Tag: Architecture

Lost Castles in Merseyside

You know that old saying that kids prefer to enjoy the box the Christmas present arrived in more so than the actual Christmas present? This is that x1000. The project is by French artist Olivier Grosset?te and aimed to create monumental structures based on medieval forts or historic structures which were in the region at one time. It’s all done using recyclable cardboard and packing tape. I love that it follows the ideology of reduce, reuse and recycle because the project reused cardboard and when it was done recycled it all. It inspires and educates both about how we can have fun with simple things and also discusses the architectural history of the region. I loved this.

The locations were;

  • Williamson Square, Liverpool city centre
  • Ashton Park, West Kirby (sadly the rain got to the cardboard and it collapsed)
  • Knowsley Safari Park
  • Norton Priory, Halton
  • Victoria Square, St Helens,
  • Bootle Leisure Centre, by The Strand Read More

Lady Lever Art Gallery Redevelopment

Over the period of a year I was commissioned to document the redevelopment of the South End galleries at the Lady Lever Art Gallery in Port Sunlight.

I had a fascinating look behind the scenes at the spaces before they were rebuilt as galleries. I was tasked with recreating some of the original photography to show the contrast between what was there before, now and how it looked upon completion.Read More

Switch House by Herzog & De Meuron

Designed by architects Herzog & De Meuron the extension to Tate Modern is stunning. I need to go back and explore some more as there’s a lot to take in. I love the way light reflects off the buildings over the road. At the top there’s a viewing platform offering views across the river.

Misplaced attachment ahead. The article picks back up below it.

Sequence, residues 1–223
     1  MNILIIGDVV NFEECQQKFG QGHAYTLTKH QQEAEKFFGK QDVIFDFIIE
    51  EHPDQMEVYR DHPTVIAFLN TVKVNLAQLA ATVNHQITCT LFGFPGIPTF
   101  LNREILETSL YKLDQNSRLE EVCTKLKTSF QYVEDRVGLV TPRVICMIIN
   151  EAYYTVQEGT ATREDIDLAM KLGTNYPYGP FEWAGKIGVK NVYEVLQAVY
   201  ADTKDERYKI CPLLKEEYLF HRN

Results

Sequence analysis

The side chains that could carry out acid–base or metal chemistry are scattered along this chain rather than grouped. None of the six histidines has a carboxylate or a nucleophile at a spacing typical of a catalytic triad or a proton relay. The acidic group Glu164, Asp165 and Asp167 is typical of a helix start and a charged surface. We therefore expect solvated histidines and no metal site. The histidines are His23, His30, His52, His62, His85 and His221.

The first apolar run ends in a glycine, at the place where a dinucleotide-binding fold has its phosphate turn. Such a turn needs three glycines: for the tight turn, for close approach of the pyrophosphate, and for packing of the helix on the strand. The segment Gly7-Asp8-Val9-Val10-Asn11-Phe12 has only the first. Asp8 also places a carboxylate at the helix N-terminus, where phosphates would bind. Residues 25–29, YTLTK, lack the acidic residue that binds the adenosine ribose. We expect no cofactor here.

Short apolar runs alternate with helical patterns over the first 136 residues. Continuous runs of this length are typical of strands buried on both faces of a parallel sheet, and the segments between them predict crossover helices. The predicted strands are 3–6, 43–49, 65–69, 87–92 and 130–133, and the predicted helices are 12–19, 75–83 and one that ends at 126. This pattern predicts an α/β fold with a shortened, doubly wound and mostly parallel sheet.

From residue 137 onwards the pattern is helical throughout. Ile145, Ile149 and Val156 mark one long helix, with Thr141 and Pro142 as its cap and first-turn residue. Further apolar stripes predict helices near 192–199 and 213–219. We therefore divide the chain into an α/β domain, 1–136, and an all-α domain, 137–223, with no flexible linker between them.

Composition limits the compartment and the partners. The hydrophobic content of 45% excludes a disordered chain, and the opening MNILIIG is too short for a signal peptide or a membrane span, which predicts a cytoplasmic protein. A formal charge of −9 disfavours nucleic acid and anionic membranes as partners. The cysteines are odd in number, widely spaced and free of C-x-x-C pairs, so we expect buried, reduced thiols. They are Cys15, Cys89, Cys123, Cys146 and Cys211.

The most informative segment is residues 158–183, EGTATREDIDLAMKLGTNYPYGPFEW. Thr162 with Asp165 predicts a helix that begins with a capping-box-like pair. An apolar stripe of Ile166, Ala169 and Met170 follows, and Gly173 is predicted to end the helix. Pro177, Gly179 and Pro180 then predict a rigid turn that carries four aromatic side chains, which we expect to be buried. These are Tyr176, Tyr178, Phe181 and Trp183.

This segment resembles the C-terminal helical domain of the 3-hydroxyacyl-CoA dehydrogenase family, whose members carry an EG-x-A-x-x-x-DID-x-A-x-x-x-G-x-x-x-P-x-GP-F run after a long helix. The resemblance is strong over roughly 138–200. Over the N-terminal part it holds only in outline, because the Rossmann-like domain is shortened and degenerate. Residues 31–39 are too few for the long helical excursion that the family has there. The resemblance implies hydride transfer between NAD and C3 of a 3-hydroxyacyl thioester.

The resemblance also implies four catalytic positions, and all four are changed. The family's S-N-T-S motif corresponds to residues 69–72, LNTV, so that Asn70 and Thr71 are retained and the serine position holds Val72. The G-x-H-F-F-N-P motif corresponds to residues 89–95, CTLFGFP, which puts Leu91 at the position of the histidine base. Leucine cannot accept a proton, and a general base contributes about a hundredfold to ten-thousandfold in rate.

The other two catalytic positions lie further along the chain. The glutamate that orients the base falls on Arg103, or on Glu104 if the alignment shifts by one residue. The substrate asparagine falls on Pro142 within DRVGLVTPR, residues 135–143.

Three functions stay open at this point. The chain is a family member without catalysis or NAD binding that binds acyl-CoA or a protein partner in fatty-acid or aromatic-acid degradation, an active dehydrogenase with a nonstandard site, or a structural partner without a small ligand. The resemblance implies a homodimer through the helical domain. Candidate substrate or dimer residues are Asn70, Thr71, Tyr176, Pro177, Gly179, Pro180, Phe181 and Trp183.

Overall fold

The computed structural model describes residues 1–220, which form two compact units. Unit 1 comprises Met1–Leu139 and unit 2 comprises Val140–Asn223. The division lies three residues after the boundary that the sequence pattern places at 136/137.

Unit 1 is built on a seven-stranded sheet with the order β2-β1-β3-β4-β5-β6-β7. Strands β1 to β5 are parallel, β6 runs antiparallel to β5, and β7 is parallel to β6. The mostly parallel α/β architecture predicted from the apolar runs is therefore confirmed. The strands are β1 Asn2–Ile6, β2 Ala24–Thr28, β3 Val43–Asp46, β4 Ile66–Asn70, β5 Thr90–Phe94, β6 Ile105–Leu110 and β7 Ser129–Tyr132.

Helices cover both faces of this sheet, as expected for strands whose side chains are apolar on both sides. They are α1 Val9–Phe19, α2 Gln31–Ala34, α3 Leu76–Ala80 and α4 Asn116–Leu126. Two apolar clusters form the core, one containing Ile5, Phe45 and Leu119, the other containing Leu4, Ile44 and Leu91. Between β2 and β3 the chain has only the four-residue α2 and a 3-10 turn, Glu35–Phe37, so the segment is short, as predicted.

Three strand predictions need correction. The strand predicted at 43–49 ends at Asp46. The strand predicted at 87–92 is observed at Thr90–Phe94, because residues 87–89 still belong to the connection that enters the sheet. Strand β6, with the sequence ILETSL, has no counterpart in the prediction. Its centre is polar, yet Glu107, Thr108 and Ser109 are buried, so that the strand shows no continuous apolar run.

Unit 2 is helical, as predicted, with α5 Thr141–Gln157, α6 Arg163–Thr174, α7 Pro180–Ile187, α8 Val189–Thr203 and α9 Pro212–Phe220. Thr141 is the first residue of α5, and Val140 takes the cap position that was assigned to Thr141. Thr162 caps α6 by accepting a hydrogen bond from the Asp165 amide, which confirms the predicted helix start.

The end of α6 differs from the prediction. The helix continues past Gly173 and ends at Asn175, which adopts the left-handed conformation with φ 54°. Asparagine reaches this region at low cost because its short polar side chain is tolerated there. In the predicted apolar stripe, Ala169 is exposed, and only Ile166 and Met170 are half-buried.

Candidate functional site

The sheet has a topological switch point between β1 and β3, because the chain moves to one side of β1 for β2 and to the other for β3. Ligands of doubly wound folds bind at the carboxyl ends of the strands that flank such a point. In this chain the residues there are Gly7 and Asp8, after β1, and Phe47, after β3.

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Liverpool for Wizz Air Magazine

Last year I was commissioned by Wizz Air Magazine to produce a series of photographs to go with an article on the 50th anniversary of Sgt. Pepper’s Lonely Hearts Club Band. It was a fun couple of days going to places I often go but meeting new people and having interesting conversations. There’s also the challenge of trying to create a new image of something you know so well. 


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Wirral Met College by Glenn Howells Architects

Just down the road from me is the new Wirral Met College on Wirral Waters. It’s been there a year now and there’s a few things I really like. First up is the design. It reminds me of Icelandic architecture. I like the big windows so people can see in and out. Turns out there’s a reason for this. It’s so people passing can understand the use of the building and also invite people in. The idea is that you can see people learning a skill and maybe think you could try it too. Clever. On the flip side it the view inspires the students. They’ll see the area develop over time and how the skills they’re learning can be put to real world use. Again, clever.

Last thing I like is that there’s nothing obscuring the view. No railings. No health and safety. There’s no railings in Amsterdam by the canals and there’s bars by the water. Turns out its not as big as an issue as you think. So they left the view uncluttered. I like that.

We went on a tour and they said that inside everything is left exposed. This is so that while the students are learning about buildings the teacher can actually point to a working example right above them. It’s good stuff.

Nice architecture. Inspiring and educating while also fitting in with the area. Hopefully the start of good things to come with Wirral Waters.

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Pezo von Ellrichshausen in London

As part of the Sensing Spaces exhibition at the Royal Academy in London the Chilean company Pezo von Ellrichshausen created a beautiful wooden installation that you could climb up to get closer to the wonderful ceiling. It was huge and really had presence in that room but when you were on top it’s all about enjoying the details in the room its taken over.

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